Sri Chinmoy Canberra Trail 100
Explore the natural heart of Canberra, on foot – solo or in relay
About the event
The AURA 2023 Long Trail National Championship
Canberra has some of the best trails of any city in the world. This unique run is a celebration of our "Natural Capital" – part adventure, part scenic tour and part epic endurance challenge.
The journey wends through the hills, nature parks and open spaces of central, south and north Canberra, describing a wide loop starting and finishing at Rond Terrace, at the foot of Anzac Parade on Lake Burley Griffin in the Parliamentary Triangle.
Why not have it all? – this run combines the exhilarating immersion in Nature of a genuine trail race, with the convenience, safety and proximity to city services of an urban environment. Come and experience why so many runners choose to live and train in Canberra year-round.
Runners can challenge themselves to attain the glory of completing the entire 100km solo; or else join with friends or colleagues to cover the distance in a relay team of 2 – 4 members.
Sri Chinmoy Canberra Trail 100 2020 Video
The special 2020 edition saw a bounty of course records fall across the solo and relay teams categories
- 6:00am for solo runners
- 6:30am for relay teams
- Till 5pm, 10 August – $130 Solos, $160 Teams
- After 5pm, 10 August – $160 Solos, $200 Teams
- ALL Entries close at 5pm on Friday 8 September
- Medals for all solo finishers
- Trophies for top placegetters in solo categories
- Trophies for 1st 3 teams in each category
Starting and finishing at The Rond Terraces, the route explores central Lake Burley Griffin, Parliament House, Red Hill, Isaacs Ridge, Farrer Ridge, Mt Taylor, Mt Arawang, Cooleman Ridge, Stromlo Forest Park, the National Arboretum, Cork Oaks, Black Mountain Reserve, Mt Majura and Mt Ainslie.
The full course takes in most of the significant sights of Canberra.
ALL COURSE DESCRIPTIONS AND MAPS ARE FOR THE 2022 COURSE. THERE WILL BE SOME CHANGES IN 2023, TO WILL BE ADVISED CLOSER TO THE EVENT DATE, PENDING THE PROGRESS OF WORKS CONSTRUCTION AND OTHER PROJECTS AROUND SECTIONS OF THE ROUTE.
Download and print complete course descriptions, gpx files and detailed maps for each leg.
We recommend the OsmAnd app for smartphone as a backup for staying on course. The advantage of OsmAnd is that it works offline and doesn't rely on a data connection.
You will need to:
Download OsmAnd (free version) to your iPhone or Android phone.
Download the ACT map.
Then you will need to download the GPX track for either the whole course or an individual leg from this site. You will need to open the track in the OsmAnd app. (Depending on your phone, this can be straightforward, or possibly not so straightforward!)
- Team replacements
- Start and finish
- Number checkpoints
- Transitions & Aid Stations
- Mandatory Equipment
- Care in Nature Parks
- Road crossings & cycle paths
- Show Respect for Horses
- Participant waivers
- Contingency plans
- Safety & Emergency Procedures
- Course cut-off times
- Finish & Awards Ceremony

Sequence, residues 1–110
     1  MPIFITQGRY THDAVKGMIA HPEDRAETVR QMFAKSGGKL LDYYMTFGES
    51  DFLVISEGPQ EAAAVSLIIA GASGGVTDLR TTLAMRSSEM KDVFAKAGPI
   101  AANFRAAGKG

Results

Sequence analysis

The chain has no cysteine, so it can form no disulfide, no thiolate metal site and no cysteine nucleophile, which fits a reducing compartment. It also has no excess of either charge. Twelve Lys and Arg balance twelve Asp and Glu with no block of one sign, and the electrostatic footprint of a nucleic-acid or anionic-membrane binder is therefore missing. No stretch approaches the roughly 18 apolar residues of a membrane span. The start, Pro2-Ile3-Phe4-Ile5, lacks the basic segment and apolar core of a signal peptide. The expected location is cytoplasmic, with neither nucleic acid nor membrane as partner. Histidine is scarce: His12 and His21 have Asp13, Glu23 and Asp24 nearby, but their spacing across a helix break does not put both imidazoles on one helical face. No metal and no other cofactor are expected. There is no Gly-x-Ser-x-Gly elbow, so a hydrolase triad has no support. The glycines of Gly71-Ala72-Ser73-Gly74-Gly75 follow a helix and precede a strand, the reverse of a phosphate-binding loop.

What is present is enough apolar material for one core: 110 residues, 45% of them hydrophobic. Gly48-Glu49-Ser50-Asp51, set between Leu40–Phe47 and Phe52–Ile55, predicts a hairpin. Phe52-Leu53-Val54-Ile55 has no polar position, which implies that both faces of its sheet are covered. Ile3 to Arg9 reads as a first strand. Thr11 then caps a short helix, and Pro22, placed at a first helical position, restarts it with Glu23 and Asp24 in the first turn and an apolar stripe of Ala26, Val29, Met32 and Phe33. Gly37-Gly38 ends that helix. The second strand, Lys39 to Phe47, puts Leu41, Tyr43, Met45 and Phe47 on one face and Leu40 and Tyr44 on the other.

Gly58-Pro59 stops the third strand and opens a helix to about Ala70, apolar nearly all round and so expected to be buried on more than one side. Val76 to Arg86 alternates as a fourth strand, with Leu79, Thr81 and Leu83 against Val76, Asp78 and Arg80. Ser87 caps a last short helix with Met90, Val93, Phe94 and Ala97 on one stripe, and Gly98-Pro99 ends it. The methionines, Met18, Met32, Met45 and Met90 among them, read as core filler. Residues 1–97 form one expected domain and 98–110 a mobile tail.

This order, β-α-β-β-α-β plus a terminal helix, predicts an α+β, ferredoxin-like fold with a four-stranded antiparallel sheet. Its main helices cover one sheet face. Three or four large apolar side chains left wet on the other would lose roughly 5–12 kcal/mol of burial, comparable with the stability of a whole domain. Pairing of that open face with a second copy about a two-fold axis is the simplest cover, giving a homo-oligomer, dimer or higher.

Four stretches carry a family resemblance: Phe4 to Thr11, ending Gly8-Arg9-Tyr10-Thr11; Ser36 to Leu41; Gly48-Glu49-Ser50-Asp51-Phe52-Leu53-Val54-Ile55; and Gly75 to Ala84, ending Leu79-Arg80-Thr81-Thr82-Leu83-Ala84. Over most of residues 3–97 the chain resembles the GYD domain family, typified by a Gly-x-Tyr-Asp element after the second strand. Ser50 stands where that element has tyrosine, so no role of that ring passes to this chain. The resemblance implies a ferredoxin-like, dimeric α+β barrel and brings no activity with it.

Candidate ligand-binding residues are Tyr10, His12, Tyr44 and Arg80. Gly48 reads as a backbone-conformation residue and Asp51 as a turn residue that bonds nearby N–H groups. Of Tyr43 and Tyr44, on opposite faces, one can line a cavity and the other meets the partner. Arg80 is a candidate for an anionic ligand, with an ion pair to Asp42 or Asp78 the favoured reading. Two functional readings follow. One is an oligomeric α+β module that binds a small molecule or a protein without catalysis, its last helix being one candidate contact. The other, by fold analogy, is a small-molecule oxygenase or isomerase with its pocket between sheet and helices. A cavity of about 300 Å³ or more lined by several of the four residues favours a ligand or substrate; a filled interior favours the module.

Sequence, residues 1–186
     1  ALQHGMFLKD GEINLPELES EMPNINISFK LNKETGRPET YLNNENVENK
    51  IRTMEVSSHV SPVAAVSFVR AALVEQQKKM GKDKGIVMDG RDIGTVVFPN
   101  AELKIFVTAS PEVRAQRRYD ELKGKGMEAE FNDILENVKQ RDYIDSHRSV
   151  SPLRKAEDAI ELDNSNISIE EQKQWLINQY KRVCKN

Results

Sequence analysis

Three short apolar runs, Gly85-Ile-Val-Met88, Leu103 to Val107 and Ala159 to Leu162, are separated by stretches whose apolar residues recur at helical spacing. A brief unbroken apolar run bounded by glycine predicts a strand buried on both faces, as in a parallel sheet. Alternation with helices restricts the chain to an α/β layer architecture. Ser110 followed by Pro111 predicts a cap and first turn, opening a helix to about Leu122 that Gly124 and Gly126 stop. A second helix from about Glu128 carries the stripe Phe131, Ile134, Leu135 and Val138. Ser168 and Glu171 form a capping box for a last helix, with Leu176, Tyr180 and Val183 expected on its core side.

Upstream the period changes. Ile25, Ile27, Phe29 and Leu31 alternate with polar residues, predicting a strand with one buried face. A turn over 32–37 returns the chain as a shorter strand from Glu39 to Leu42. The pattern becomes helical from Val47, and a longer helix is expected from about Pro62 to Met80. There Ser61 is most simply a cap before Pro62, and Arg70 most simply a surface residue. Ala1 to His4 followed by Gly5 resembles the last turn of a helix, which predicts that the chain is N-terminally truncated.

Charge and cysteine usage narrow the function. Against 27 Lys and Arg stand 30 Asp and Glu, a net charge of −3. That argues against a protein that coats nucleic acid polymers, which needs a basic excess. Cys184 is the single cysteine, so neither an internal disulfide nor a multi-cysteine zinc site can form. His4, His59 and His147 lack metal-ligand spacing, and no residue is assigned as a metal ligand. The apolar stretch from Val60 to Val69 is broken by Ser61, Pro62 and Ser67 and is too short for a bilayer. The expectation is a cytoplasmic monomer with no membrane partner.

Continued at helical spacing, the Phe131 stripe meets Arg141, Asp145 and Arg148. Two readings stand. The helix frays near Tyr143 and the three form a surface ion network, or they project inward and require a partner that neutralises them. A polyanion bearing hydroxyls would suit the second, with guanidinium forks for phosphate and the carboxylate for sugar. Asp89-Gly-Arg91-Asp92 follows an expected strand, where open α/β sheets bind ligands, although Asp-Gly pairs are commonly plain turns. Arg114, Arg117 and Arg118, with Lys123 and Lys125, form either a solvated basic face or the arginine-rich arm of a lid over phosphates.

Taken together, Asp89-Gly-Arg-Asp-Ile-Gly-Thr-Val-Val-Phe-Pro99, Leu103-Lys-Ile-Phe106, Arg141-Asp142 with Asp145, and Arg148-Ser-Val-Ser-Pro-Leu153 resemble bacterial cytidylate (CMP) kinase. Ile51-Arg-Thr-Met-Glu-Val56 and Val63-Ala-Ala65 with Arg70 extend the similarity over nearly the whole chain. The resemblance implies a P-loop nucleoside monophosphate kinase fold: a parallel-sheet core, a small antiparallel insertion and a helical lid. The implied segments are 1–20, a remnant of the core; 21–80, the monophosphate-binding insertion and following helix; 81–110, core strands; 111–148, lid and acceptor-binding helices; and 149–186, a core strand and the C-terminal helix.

- Ten Highest Moments
- Course records
For all pre-entered Solo Athletes and Relay Teams, compulsory registration will be between 1pm and 4pm, Saturday 9 September at "My Rainbow-Dreams" café, Dickson Place, Dickson (opposite the Post Office). This will also the final opportunity to lodge late entries (pending the discretion of the event organisers).
If you have made changes to the composition or order of your team, you will need to have these recorded at Registration. You will also sign a waiver form, collect race number bibs and a race belt (for teams), and receive information on any last-minute course alterations.
Not all team members need to attend registration – as long as the person attending is able to deliver the race number belt and bib to the 1st relay member prior to the start on Sunday morning!
Replacement of team members is allowed, provided the replacement does not alter the category of the team (eg all-female to mixed). Replacement members must sign a waiver form at Registration. Also at Registration, names are to be confirmed for each member doing each leg. Changes to this schedule will be permitted on the day, provided transition marshals are informed of the change in advance of the leg concerned.
Solo Runners- Every Solo Runner who will be commencing the final leg of the race after 4:30pm, must provide his or her own helper/pacer OR must run with another competitor for this leg. Each helper/pacer may only be responsible for one runner. Helpers may provide assistance of any kind anywhere on the course, with the exception of pacing during the first three legs (ie running with the athlete for more than 30 seconds), or physically assisting the runner to move in a forward direction (ie pushing or towing the athlete). Helpers may accompany the runner during leg 4, whether they start prior to 4.30pm or not. Helpers may touch the runner as long as he or she is stationary, and may assist with clothing, equipment, food & drinks, as well as motivational, inspirational and directional advice. Helpers may not interfere with or impede the progress of any other competitor. To do so will incur the disqualification of the helper's runner, even if he or she has no part in such interference. The helper/pacer – with mobile phone, headlamp or flashlight – must accompany every solo runner commencing the final leg after 4:30pm.